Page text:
So, I decided to create something different. I’m calling it Tweedy Pineapples for now.
It measures about 5″ x 40″ long off the hooks, but I’m sure things may change once I add the border and block it.
Even before blocking, you can see the little pineapples doing their thing.
By the way, I really liked the yarn. Too bad there’s barely enough left to make anything for myself. On the plus side, this makes the second Christmas gift I’ve finished so far. And I still have the Opals to try out.
I’m participating in BlogHer’s National Blog Post Month (also known as NaBloPoMo) by blogging daily through November, 2014.
While at Vogue Knitting Live in January, I was introduced to a local, New York State Capital region yarn vendor, Yellowfarm. The Yellowfarm booth had an interesting display featuring “long locks” art yarns. The display really highlighted the beautiful fiber from Yellowfarm’s longwool Wensleydale and Teeswater sheep.
Today, I’m interviewing Virginia Scholomiti from Yellowfarm. You can find Yellowfarm on their website, Etsy, and Facebook. All farm pictures are (c) Yellowfarm and are used with permission.
Underground Crafter (UC): How did you get started with yarn crafts?
Virginia: I started knitting as a child. My mother and grandmother both knit, and of course I wanted to be just like them. I was never a very good knitter, but always enjoyed the process. Later on I learned to crochet, but just the basics. It wasn’t until I was much older that I really delved into fiber arts.
I love to knit, and somehow seem to go through periods of no knitting, and then I reacquaint myself with my needles, and really enjoy remembering how much I love the process. Right now I am playing with some Wensleydale lace weight yarn and working on a lace shawl. I have done some weaving on a triangle loom, but never attempted the real thing with all its intricacies. That is something that I have on my list of things I want to spend some time learning.
I also find freeform crochet extremely appealing, and hope to be able to concentrate on learning more crochet stitches and techniques to perhaps enable me to play with that too!
UC: Tell us about how you became involved with Yellowfarm.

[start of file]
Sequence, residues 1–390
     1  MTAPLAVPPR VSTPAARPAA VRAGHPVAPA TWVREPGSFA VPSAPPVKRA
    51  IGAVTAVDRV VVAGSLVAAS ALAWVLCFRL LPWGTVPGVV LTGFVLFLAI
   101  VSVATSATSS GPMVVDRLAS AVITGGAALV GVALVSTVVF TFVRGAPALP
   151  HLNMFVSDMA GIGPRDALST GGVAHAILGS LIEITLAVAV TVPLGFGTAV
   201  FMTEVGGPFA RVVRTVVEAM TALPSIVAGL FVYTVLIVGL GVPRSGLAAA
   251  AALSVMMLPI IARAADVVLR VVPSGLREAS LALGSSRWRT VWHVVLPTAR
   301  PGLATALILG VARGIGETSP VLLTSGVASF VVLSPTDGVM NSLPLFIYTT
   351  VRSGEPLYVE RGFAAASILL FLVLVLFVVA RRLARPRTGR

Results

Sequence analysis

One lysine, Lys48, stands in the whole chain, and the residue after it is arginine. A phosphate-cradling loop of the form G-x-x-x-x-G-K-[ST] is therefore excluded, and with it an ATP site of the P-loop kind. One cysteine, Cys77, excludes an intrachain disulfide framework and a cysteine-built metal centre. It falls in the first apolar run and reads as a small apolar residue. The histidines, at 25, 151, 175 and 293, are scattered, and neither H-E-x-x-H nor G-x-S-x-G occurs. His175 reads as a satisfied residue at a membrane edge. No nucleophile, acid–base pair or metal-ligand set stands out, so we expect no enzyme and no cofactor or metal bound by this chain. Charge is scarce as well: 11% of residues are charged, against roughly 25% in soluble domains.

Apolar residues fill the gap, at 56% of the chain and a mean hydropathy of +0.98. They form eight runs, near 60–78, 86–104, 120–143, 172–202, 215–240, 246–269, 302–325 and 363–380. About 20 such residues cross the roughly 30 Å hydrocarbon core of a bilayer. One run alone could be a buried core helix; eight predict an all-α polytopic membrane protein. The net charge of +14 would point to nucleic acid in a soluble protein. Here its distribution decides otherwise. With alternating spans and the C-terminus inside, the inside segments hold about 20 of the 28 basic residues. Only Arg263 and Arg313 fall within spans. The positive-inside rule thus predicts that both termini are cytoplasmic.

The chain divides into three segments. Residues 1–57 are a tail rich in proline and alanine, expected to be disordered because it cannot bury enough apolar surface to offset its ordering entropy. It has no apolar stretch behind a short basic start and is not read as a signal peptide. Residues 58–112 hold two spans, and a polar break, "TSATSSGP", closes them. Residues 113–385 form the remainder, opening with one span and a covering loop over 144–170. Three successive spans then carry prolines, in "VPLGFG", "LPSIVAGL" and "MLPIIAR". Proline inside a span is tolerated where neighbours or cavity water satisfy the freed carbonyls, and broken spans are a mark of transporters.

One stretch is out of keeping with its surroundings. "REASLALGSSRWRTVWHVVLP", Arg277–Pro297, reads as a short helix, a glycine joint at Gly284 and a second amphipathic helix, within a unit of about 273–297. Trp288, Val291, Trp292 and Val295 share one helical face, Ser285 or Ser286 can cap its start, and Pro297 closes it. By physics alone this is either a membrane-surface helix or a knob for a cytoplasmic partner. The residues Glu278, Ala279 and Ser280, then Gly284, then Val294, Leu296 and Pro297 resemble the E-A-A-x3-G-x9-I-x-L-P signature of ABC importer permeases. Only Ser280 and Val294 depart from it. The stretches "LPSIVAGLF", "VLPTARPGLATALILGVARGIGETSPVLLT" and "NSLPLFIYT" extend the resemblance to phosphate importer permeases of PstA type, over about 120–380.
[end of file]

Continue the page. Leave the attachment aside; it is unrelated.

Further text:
Virginia: Well, our two girls were grown and we decided to look around to see if we could find an older property that would offer us the country lifestyle we have always yearned for. We saw this farm and fell in love with it. It has served us well so far. Both our mothers came here to live out their last years on the farm and now we have two granddaughters that relish coming to visit the farm.
UC: Some of us urban dwellers have fantasies about moving out to the country and starting a farm. Can you tell us a bit about the realities of farm living and working (the good and the bad)?
Virginia: My husband grew up in the Bronx, and I grew up outside of New York City. My first career was riding and teaching hunter seat equitation, show hunters and jumpers. I have worked on farms and managed stables just about all of my life, but never owned one.
You are absolutely right about the plusses and the minuses involved. Once you involve yourself with keeping animals on your property, you assume a responsibility that must never fail. No days off, no skipping work, or heading off on a spur of the moment whim. There are animals that need you to feed, water, check for any health issues, administer medications, treat wounds, give shots, or call a vet if the situation warrants. Not to mention the physical necessities of farm life: the fences that need fixing, the fields that need tending, manure that needs spreading. There is ALWAYS a list of things that you just can’t quite finish that are waiting for you to do.